The most likely cause is internal synchronization in the webapp or the database 
it references.


I've heard similar from someone else but I'm not sure how that's 
possible.  The app is not at all threaded, is 100% read-only from the 
database (aside from creation of temp tables which have no interaction 
between client requests) and the MySQL server is on another machine 
humming along without any bottlenecks that I can see.


But of course I'm not a Java or JVM expert and have no idea what kind of 
interlinks can exist between different client connections.  But to my 
knowledge they're all pretty straight forward handlers, get data from 
database, format, return to user


I'm leaning more towards GC issues.  I setup Tomcat on a 64-bit machine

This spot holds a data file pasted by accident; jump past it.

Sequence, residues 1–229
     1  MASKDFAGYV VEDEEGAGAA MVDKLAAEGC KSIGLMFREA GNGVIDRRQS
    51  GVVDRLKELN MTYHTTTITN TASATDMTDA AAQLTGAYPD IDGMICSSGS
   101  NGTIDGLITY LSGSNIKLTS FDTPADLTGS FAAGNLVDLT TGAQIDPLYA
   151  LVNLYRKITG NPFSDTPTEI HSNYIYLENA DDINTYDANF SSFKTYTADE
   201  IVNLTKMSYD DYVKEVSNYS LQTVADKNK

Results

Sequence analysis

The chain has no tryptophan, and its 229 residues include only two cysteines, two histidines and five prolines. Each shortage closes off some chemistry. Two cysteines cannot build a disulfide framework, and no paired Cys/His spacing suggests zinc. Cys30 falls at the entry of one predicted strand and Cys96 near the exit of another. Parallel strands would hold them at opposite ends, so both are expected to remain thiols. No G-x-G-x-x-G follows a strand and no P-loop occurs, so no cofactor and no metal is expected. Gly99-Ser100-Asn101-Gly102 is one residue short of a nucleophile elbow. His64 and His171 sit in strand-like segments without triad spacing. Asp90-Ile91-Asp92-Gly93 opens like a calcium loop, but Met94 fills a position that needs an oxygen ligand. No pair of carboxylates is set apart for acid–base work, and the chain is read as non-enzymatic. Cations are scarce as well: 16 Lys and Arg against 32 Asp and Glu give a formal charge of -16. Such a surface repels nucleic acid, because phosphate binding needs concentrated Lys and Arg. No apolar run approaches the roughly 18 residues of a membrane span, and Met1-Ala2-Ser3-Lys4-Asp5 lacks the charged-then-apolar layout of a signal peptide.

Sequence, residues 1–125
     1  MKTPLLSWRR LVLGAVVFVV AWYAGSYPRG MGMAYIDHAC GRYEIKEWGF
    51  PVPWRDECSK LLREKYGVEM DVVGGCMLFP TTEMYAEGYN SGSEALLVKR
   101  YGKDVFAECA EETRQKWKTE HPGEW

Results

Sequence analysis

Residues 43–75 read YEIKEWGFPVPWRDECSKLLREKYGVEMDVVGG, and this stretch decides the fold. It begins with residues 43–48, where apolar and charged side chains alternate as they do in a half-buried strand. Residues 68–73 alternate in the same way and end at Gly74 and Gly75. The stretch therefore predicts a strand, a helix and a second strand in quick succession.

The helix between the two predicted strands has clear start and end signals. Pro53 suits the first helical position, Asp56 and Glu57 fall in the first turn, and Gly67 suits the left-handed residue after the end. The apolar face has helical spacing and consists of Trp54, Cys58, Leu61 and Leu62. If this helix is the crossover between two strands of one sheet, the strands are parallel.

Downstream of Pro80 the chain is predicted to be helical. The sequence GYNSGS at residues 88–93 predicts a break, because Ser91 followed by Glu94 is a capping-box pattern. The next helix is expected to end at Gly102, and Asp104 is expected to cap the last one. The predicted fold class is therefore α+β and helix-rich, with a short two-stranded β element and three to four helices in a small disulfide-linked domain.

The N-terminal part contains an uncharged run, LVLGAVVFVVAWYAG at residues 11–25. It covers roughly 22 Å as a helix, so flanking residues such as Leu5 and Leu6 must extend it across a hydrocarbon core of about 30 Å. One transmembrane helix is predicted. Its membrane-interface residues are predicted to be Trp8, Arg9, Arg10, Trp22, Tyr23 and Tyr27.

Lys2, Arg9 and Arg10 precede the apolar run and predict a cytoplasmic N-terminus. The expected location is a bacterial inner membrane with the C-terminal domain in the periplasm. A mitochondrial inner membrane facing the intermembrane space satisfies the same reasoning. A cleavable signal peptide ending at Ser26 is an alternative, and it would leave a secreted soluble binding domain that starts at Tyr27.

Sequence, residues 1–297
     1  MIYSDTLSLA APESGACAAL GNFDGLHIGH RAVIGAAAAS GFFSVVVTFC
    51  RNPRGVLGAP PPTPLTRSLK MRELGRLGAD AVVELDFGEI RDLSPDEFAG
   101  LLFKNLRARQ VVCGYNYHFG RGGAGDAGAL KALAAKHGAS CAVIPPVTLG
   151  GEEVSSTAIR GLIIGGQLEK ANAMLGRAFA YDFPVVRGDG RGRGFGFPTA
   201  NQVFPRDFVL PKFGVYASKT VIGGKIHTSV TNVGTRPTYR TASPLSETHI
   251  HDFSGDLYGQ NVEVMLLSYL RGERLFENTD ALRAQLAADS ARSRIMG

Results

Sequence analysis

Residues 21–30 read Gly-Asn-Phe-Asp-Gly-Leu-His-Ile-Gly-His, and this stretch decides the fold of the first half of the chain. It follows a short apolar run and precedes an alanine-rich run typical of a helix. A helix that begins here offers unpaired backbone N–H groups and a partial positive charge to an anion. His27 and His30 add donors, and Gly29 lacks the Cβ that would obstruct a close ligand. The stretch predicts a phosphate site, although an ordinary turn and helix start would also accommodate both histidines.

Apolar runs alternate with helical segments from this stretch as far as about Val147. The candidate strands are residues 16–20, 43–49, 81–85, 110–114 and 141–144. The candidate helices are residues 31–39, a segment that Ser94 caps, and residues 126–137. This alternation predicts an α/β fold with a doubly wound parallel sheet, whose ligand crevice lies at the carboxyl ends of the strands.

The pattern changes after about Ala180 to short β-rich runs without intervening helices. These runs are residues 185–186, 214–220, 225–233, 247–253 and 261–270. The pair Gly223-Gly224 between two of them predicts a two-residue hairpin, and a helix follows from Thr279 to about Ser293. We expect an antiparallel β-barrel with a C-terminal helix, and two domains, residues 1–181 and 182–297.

and tried a few configurations:


-Xms4096M -Xmx4096M -server -XX:+DisableExplicitGC -XX:+UseConcMarkSweepGC

-Xms4096M -Xmx4096M -server

-Xms2048M -Xmx2048M -server

As I went through each of those the app became more and more sluggish 
and a single core finally in the last configuration did this 100% CPU 
usage again.


Now, two issues I see.  First, it's not being aggressive enough at 
spreading the load among different cores.  Second, GC does seem to be an 
issue.


Unless I'm missing something, which I might be.

Thanks.

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RE: Tomcat not using multiple cores

2008-10-16 Thread Caldarale, Charles R
 From: Matthew Laird [mailto:[EMAIL PROTECTED]
 Subject: Re: Tomcat not using multiple cores

 But of course I'm not a Java or JVM expert and have no idea
 what kind of interlinks can exist between different client
 connections.

Again - get a thread dump when at 100% on one core and 0% on the others so you 
will have real information rather than speculation.

 - Chuck